I’m trying to figure out why we are so obsessed with finding some deeper sense of self in life. We have created this. It is a perverse rite of passage that has been crafted over time. It is almost as if when a child hits a certain pre-pubescent age they must immediately begin to foster doubt, storing it away so that they can obsess over it as soon as they hit puberty. Furthermore, that is what every teenager is told about college and adulthood, that they’re required then to go on a grandiose search. The run of the mill, coming of age years were created mostly by the entertainment industry. This concept is not meant to demean anyone. There are certainly folks who deal with strife and have to overcome it, but that does not mean every person must wrestle with inner demons. You are not broken if you simply exist. In ‘Some Remarks on Kafka’s Funniness’ David Foster Wallace hits the nail on the head, as he often did: “The horrific struggle to establish a human self results in a self whose humanity is inseparable from that horrific struggle.” It is a vicious cycle. All of this just to meet some predetermined objective. Is it possible that maybe we are not all special snow flakes? It sounds cynical, I’m aware. But honestly, can’t we all just exist? We all want to be bigger, smarter, stronger, more attractive, and most of all we want to be well liked.
Being well liked doesn’t really appeal to me. I’m sure that isn’t a believable statement to many but it is true. Sure, there is the burst of excitement when someone shows interest, but after the jolt turns to tingles and then disappears all together it only becomes tedious. There is so much expectation that comes along with human interaction. For example, even the smallest one, how fucked up does it feel when you lag back an extra moment to hold open the door for a stranger and they do not say thank you or even acknowledge your existence? That is expectation strangling us, leaving our necks spurned with black and blue resentment. I hate any expectation. The pressure is as unbearable for me as a plane ride with no chewing gum next to a screaming baby. It is in my experience that I often rise to the occasion when pushed into action but I hate meeting it. My loved ones have likened it to some kind of psychopath behavior. I will hate every moment of things but damn it, I’ll be good at it and use it to my advantage. This might be my entire life in a nutshell. I tend to joke with others about how I hate people despite my various social skills. This is almost worse than having no social skills at all. It is like having some gift you certainly do not want. A lot of money has been made with superhero stories similar to that premise. I would gladly relinquish the power if I could. But I cannot. So I fight expectation and I stress over remaining solitary. It is essential to my survival.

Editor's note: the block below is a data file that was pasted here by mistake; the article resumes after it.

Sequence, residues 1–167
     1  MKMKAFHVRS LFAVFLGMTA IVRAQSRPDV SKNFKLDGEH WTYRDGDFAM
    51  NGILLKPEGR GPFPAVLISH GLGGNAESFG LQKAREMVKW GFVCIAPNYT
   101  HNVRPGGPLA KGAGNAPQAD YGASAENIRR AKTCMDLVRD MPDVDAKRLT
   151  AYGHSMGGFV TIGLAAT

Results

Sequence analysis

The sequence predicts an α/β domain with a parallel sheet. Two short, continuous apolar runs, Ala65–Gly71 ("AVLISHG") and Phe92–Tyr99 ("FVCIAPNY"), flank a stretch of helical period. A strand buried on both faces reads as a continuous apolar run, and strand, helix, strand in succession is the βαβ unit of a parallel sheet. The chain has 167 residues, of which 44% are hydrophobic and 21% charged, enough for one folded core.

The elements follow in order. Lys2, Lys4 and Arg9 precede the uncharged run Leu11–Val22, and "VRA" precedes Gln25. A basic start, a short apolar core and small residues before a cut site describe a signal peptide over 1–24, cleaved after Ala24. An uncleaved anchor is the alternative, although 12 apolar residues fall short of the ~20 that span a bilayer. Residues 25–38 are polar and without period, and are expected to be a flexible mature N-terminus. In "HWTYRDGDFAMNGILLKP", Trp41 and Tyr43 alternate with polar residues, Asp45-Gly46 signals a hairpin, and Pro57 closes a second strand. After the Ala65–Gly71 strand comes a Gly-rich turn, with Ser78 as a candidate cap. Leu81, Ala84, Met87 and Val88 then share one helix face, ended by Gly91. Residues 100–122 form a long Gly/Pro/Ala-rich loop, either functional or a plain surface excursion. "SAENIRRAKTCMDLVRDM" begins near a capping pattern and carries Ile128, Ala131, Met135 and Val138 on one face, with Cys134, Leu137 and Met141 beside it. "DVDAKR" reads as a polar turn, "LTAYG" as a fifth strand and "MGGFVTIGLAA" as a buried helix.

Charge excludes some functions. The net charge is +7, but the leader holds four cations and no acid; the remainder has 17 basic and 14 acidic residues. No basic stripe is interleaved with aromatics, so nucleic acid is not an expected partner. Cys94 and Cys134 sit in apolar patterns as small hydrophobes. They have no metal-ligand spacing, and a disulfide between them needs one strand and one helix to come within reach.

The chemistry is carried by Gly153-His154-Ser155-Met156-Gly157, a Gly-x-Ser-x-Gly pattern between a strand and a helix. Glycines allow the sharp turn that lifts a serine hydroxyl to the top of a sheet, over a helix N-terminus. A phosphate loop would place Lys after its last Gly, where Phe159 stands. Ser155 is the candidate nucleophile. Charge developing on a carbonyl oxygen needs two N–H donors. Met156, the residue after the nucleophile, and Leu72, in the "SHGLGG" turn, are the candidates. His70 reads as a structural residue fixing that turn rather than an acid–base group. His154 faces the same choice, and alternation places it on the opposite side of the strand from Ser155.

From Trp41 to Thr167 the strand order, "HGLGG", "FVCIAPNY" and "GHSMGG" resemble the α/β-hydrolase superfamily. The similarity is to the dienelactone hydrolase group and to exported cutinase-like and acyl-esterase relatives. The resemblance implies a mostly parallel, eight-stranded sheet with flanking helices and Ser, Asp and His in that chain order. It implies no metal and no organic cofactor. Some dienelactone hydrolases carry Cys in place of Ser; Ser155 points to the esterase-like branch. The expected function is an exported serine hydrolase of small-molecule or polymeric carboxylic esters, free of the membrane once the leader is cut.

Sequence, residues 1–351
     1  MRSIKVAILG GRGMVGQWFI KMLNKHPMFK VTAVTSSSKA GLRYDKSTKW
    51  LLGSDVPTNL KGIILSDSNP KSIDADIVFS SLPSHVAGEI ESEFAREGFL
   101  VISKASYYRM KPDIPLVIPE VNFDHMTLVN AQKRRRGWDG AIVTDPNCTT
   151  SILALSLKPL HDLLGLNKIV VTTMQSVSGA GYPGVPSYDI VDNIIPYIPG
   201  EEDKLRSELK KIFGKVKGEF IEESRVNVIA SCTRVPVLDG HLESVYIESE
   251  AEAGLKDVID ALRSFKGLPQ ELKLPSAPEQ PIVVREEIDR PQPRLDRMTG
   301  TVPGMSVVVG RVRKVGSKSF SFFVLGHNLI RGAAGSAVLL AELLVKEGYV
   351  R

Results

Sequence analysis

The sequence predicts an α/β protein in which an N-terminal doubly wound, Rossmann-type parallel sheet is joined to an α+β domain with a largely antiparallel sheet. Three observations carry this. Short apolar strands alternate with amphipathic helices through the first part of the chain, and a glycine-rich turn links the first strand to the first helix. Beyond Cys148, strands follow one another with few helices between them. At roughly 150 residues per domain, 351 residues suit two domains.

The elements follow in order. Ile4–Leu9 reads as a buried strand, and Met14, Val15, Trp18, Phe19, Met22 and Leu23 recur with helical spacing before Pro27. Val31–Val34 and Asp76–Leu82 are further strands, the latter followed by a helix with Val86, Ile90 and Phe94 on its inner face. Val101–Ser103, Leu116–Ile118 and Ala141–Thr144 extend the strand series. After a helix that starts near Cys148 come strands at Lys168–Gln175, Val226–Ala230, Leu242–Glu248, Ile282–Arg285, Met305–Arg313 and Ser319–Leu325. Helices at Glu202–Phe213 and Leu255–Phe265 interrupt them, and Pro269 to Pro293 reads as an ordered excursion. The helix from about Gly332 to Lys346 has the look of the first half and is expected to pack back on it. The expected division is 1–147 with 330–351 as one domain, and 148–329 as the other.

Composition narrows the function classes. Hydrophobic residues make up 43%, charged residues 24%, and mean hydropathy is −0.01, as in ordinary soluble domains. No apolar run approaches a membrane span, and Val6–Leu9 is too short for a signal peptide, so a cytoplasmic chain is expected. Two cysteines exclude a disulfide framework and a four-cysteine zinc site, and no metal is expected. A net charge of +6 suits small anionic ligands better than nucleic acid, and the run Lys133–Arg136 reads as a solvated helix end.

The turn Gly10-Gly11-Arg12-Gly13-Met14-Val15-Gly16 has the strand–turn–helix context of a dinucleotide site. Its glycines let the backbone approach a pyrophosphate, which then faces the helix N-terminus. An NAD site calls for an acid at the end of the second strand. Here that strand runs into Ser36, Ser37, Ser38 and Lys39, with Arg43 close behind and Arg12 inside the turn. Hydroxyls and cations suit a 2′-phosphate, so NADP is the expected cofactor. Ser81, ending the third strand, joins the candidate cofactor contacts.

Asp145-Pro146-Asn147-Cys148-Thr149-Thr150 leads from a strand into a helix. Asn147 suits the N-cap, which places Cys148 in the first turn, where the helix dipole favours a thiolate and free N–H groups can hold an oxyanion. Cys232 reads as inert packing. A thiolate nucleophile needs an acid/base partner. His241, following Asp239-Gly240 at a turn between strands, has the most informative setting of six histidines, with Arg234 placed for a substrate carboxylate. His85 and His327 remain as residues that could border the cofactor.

The world could be a calmer place if we were a little more concerned with meeting our own goals, not the ones others regulate. I wonder what it would be like to live a life in which you did not worry about what another would think. Dreaming is a powerful tool. Success only comes when it is paired with the idea that any dream is worth pursuing. We will not all become uber successful entertainers, or leaders of countries, or rich business investors, or famous athletes. A lot of us will do seemingly mundane work but it does not diminish your worth. It is okay to be ordinary. What is ordinary to one may be extraordinary to another.
But this soapbox is a little high for my liking. It is my own crank psychoanalyzing at play here. I only share this diatribe out frustration. Maybe it is all too frank but maybe that is what I need more of. This week I joked that I had finally become a writer because I received a rejection letter. My own humor trying snuff out insecurities. In the same piece by David Foster Wallace he explains that “our culture has trained to see jokes as entertainment and entertainment as reassurance.” Maybe that is what all of this is: reassurance. In the absence of confidence there are only words.